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Security News Round-Up: American Cancer Society’s Online Store Infected with Skimming Malware

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News Round-Up – Get a Quick Rundown of What You Need to Know

 

Evolver’s Cyber News Round-Up looks into recent reports and journalism covering cyber threats and trends affecting all industries. You can suggest articles to us on LinkedIn and on Twitter at @EvolverInc. Visit our cybersecurity services page to learn more about cyber risk assessment and threat protection.

 

American Cancer Society’s Online Store Infected with Skimming Malware

 

On October 24th, skimming malware known for being linked to Magecart groups was found on the online store for the American Cancer Society, Bank Info Security states. The malware was taken down the next day (October 25th), meaning anyone who made purchases over the two day period should check their financial statements. The company has stated that they are still investigating, according to the article. This event is eerily similar to that of Mission Health, which found out its online store also possessed a malicious code, but remained there for three years before discovery.

 

Three Million Records Exposed in UniCredit Breach

 

UniCredit, an Italian bank, has revealed that a file from 2015 possessing three million Italian customer records were stolen by hackers, says Info Security Magazine. Luckily, none of these records are able to be used to access bank accounts or payment information. This is the bank’s second breach, with one having occurred in 2016 and impacting 400,000 records, the article states. After that incident, UniCredit had made investments of €2.4bn to improve cybersecurity and information technology.

 

 

Insurance Pays Norsk Hydro for Previous Cyberattack

 

According to Security Week, Norsk Hydro, a large Norwegian aluminum company, has received payment from insurance after being struck with ransomware in March. While the impact of the attack falls between $60 and $70 million, the company has so far received $3.6 million from insurance. The company has stated that it expects to receive additional payouts due to the sophisticated cybersecurity insurance policies it holds, says the article.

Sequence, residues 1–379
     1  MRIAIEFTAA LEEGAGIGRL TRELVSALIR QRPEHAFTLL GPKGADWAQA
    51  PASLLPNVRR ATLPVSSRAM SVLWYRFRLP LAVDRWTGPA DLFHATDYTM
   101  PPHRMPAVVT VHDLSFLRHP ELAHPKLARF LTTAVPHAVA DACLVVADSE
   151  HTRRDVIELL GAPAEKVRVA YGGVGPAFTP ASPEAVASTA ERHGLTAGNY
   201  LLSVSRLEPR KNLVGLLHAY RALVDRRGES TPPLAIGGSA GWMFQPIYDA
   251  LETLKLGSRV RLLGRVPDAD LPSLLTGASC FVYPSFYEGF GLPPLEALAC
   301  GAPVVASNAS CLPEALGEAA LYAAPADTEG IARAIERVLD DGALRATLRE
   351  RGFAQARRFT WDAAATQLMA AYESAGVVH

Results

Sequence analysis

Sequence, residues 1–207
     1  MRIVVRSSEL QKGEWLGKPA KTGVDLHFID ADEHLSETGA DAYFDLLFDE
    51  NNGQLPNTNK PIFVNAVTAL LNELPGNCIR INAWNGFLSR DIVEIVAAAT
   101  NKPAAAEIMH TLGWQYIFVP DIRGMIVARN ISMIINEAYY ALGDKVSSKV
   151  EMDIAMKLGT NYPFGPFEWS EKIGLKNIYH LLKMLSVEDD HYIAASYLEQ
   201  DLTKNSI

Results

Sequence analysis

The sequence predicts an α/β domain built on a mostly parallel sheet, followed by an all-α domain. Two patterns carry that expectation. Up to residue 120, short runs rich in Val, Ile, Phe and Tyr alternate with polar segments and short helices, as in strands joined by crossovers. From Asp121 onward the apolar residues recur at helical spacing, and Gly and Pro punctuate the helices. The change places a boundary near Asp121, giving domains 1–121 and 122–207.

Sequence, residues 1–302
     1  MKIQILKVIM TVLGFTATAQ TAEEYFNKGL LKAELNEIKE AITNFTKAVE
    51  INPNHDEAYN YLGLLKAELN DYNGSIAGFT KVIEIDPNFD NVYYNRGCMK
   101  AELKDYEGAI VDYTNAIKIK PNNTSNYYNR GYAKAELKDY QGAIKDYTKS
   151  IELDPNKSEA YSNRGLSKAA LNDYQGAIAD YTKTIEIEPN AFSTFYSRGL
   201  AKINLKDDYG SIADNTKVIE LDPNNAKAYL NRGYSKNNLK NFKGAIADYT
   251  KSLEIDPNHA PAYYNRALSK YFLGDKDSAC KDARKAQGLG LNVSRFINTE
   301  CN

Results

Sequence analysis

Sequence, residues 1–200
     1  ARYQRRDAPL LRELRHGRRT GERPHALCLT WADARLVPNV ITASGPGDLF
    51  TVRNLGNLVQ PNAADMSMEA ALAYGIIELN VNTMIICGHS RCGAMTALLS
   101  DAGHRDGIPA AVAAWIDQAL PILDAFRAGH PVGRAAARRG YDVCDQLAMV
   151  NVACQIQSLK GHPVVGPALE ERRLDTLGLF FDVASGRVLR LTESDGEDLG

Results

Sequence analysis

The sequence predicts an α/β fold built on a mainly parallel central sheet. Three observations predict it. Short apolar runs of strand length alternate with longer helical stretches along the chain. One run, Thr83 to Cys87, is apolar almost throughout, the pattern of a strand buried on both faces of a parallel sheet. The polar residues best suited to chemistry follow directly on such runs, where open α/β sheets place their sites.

St. Louis Health Center Faces Data Breach

 

The Betty Jean Kerr People’s Health Center provides care to nearby residents in need without insurance. The facility shared that it has been hit with a cyberattack impacting an estimated 152,000 people, but did not affect medical records, says Security Week. However, the records did include addresses and social security numbers. A ransom was requested by attackers but denied by the center. While the information was locked and held for ransom, it still remains unknown whether or not the attacker has actually viewed the data.

 

 

DHHS Proposes Making Cybersecurity Donations to Doctors Legal

 

“The United States’ Department of Health and Human Services has proposed amending laws around non-monetary donations in a bid to help doctors protect healthcare services from cyber-attacks,” according to Info Security Magazine. The Anti-Kickback Statute and Physician Self-Referral Law would both be updated if the proposal went through. The major change would allow donation of assessments, cybersecurity services, cybersecurity software, and more, but would not include hardware, the article notes. The goal of the proposal is to make cybersecurity more accessible in the healthcare industry for entities that struggle to obtain proper protection.




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